Arizona Monarch Collaborative
Action Planning - September 2021
We have developed a set of priorities for forward action in the AMC. This effort started with an all-AMC survey early last fall, followed by the Conservation Strategies Brainstorming Session in October 2020 in which many of you participated. The AMC steering committee compiled and organized your input from the survey and brainstorming session and then asked our three working committees to consider the suggestions for actions and to select those that they will prioritize. We also linked each potential action to the Western Monarch Butterfly Conservation Plan, 2019-2069. The updated goals are posted on the working committees pages. Please consider adding your voice and energy or even just presence to one or more of the committees!.
USFWS Monarch Species Status - December 2020
On December 15, 2020, the U.S. Fish and Wildlife Service (USFWS) announced their decision that listing the monarch butterfly under the Endangered Species Act is “warranted but precluded.” This determination means that the species becomes a candidate under the Endangered Species Act (ESA), but that the USFWS is required to address other, higher priority listing decisions before proposing to list the monarch and give it full protections under the ESA. The USFWS intends to propose listing the monarch in Fiscal Year 2024, if listing is still warranted at that time, and will review its status each year to ensure its listing priority is appropriate. Additional information about the status of the monarch, the listing decision, FAQs, and monarch conservation can be found on the USFWS Monarch Butterfly webpage. The monarch’s current listing priority is based on the many conservation efforts already underway to address threats facing the species. Robust conservation efforts are ongoing across the continent, including partnerships with states, tribes, Canada and Mexico, local communities and conservation organizations, to address threats to the monarch and to bolster milkweed abundance and other habitat needs. As an example, more than 45 energy and transmission companies and state departments of transportation are participating in a formal agreement with the USFWS and voluntarily committing time and funding to carry out monarch-friendly management practices on millions of acres in rights of way. The USFWS encourages proactive conservation efforts to benefit candidate species; these efforts that may result in eliminating their need for listing or speed recovery if they are listed.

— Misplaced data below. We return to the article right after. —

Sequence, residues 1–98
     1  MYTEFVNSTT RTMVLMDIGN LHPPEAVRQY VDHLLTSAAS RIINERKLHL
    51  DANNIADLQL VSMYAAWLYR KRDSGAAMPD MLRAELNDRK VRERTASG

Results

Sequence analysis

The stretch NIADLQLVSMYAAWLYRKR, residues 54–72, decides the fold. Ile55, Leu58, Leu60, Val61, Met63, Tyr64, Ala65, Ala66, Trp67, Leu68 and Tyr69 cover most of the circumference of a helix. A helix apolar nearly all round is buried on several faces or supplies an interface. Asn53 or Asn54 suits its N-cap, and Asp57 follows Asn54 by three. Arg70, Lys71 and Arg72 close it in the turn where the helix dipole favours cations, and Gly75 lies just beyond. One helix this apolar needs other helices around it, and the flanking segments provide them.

The USFWS encourages proactive conservation efforts to benefit candidate species; these efforts that may result in eliminating their need for listing or speed recovery if they are listed. Monarch populations benefit from multiple widespread, ongoing conservation measures from large, landscape-scale efforts to the smallest gardens. Visit the Southwest Monarch Study website for some ideas of what you can do.
View the IMMP sites that have been adopted in Arizona and volunteer to help monitor, or adopt your own site!